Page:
due diligence cost I understand that…property inspections, appraisals, surveys and etc. But you at least get to check out and approve of the properties market and financials before spending these funds
but getting/paying an attorney to draft up some paperwork before you even begin your due diligence that scares me. I guess I would feel a little more comfortable getting an attorney involved during the P&S phase if I some how could at least verify the cash flow of the property, but most sellers will not release any substantial amount of property financials until a P&S agreement is drafted and agreed upon
also, Ray is their a clever way to ask an attorney that would not insult him/her if you could delay paying him/her until some later date or even until the closing?
Re: P&S Agreement Question for Ray - Posted by ray@lcorn
Posted by ray@lcorn on May 16, 2009 at 08:42:03:
If you’re planning to do a deal with third-party investor involvement and don’t have an attorney yet, you might as well smoke cigars in a a dynamite factory. A P&S agreement is the least of your worries.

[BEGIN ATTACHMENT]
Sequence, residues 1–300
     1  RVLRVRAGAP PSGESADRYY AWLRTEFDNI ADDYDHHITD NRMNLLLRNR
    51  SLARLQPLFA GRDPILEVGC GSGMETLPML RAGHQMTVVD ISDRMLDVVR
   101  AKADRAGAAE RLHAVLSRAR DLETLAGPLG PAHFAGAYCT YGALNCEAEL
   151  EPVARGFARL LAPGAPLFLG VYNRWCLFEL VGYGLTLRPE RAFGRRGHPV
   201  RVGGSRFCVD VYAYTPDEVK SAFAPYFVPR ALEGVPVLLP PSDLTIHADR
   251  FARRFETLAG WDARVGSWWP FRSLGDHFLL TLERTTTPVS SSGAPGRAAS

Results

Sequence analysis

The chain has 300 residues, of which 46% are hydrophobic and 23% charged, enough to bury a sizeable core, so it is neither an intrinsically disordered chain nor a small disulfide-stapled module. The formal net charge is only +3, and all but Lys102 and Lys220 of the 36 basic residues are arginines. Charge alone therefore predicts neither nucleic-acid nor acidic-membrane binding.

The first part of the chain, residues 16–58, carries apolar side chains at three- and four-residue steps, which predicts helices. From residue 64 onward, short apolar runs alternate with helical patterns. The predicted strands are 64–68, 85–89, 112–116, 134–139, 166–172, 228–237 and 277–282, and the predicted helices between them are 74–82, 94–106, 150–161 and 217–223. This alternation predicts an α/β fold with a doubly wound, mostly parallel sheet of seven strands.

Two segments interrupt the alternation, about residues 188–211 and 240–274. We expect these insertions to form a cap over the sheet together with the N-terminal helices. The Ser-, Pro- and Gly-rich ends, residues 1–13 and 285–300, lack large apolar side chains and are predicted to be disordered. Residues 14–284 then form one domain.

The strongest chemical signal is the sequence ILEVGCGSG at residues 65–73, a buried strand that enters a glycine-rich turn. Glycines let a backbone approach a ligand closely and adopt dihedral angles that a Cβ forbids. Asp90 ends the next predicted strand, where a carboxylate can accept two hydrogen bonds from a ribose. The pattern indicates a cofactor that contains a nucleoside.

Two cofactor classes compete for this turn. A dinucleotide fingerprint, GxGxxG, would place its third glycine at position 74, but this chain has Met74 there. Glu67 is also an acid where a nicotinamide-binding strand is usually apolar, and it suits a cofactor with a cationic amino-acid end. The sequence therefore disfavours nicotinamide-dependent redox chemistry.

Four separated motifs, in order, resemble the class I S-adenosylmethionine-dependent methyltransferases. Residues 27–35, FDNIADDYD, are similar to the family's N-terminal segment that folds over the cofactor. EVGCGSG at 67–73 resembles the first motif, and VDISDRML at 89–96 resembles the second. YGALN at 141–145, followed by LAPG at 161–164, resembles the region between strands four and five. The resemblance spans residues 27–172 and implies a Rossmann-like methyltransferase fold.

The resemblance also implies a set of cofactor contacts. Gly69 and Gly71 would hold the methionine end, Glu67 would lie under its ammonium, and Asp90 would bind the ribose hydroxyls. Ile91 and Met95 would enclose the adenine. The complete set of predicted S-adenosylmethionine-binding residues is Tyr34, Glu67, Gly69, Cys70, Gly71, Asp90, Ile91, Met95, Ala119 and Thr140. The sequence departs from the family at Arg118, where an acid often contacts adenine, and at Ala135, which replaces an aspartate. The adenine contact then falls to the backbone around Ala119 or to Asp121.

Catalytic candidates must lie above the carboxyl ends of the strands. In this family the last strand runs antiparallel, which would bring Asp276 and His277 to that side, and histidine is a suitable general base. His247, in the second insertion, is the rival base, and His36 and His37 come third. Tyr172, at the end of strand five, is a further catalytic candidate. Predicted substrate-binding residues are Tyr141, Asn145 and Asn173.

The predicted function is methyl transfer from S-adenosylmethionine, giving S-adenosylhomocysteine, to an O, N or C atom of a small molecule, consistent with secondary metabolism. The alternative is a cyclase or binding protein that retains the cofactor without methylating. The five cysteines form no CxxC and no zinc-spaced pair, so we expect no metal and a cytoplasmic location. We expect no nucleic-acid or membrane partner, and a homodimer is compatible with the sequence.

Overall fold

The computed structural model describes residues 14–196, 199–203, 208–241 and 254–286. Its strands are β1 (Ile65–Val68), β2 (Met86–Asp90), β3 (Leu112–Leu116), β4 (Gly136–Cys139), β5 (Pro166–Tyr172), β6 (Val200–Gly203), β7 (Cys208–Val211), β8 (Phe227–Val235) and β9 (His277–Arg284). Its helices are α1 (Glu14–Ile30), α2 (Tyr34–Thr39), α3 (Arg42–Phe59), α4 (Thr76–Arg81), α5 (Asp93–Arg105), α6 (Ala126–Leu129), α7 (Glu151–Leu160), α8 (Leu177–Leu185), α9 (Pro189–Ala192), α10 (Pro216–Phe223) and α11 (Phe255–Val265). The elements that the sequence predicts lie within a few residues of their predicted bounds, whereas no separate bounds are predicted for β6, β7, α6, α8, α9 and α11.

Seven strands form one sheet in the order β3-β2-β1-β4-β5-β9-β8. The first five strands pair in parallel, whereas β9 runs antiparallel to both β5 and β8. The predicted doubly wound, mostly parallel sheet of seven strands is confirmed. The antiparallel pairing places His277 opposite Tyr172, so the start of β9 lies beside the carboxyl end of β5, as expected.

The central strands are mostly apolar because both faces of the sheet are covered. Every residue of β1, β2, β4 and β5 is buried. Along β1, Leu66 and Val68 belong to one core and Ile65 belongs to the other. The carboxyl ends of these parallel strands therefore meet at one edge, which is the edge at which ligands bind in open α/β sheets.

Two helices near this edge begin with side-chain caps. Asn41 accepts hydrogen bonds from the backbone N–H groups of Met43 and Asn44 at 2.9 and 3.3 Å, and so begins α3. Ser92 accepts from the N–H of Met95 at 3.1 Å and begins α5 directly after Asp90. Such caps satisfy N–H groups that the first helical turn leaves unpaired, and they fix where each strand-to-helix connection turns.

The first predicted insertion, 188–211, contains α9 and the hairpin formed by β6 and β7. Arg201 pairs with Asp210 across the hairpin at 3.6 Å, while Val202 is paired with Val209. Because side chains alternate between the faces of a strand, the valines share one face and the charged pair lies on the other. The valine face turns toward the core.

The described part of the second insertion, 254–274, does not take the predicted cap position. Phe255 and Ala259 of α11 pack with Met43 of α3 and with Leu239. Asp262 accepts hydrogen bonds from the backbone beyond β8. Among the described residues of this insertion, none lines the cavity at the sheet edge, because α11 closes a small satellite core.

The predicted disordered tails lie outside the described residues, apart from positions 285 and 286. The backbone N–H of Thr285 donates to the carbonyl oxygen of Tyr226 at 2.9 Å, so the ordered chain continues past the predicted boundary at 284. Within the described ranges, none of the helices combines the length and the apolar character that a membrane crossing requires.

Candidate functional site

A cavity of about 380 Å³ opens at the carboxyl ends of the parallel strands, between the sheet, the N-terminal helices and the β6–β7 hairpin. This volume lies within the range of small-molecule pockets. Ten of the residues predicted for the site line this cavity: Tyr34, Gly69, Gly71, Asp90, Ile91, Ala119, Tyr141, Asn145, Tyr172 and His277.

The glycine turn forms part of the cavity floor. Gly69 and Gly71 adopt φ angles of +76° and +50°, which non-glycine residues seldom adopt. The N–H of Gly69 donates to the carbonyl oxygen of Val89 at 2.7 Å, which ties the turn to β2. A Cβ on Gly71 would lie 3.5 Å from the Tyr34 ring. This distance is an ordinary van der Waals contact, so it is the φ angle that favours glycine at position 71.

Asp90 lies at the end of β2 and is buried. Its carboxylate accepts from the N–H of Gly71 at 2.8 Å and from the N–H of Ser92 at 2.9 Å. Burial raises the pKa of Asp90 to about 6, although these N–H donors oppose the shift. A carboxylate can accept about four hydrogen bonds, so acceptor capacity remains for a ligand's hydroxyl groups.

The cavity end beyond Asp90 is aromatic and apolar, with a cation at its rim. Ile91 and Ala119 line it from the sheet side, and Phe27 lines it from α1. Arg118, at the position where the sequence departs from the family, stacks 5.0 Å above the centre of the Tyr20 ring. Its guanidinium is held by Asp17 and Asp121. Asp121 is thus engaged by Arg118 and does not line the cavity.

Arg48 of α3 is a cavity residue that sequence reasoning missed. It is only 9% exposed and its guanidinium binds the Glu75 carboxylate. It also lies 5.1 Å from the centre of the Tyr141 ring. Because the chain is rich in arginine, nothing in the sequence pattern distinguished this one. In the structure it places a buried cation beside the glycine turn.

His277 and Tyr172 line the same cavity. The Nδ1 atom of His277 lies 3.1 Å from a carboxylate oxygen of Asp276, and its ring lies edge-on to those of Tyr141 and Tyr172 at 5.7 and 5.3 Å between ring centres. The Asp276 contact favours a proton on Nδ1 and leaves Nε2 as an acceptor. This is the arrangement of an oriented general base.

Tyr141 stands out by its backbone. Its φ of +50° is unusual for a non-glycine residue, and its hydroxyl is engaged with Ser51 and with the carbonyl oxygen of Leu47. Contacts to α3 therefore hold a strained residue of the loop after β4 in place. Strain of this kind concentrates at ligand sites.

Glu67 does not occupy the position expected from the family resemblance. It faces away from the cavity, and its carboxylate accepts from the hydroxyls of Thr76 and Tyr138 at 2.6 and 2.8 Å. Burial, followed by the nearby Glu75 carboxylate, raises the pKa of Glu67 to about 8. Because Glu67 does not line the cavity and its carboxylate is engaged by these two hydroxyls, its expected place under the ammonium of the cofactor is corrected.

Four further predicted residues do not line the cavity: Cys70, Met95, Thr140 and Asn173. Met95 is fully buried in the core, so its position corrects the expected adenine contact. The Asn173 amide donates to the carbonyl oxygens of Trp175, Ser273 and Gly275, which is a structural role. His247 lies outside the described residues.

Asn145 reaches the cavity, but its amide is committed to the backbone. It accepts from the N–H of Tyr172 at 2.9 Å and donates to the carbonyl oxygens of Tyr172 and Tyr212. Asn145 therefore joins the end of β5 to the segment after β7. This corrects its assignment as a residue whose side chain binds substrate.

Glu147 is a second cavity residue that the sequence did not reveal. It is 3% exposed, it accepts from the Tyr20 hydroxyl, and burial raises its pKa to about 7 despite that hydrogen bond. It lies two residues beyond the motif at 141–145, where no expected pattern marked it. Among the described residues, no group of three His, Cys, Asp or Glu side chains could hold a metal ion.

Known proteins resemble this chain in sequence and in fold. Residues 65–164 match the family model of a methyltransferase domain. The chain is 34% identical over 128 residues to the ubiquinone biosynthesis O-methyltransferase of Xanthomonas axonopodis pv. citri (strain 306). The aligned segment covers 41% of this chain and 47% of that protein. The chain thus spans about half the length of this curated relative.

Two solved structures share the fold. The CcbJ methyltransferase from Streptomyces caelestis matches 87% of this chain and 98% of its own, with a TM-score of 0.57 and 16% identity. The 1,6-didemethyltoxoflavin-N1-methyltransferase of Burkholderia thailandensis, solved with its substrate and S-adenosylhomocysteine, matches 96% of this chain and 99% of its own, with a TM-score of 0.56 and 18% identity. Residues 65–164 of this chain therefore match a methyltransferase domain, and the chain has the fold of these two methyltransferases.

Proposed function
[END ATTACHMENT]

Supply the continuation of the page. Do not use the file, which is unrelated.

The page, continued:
Look, it takes money to play the game at this level. Anyone who tells you otherwise is full of crap. And the more complicated the deal (such as having outside investors) the more advisable it is to have capable legal representation every step of the way. That might cost a few hundred bucks initially, and save you tens of thousands later. You’re stepping over dollars to pick up dimes.
If you’re not willing or able to set your business up properly, then save yourself a lot of heartache and don’t start.
And next time you take your car to a mechanic, ask him if he would mind letting you pay the next time you happen to drive down his street, cleverly of course.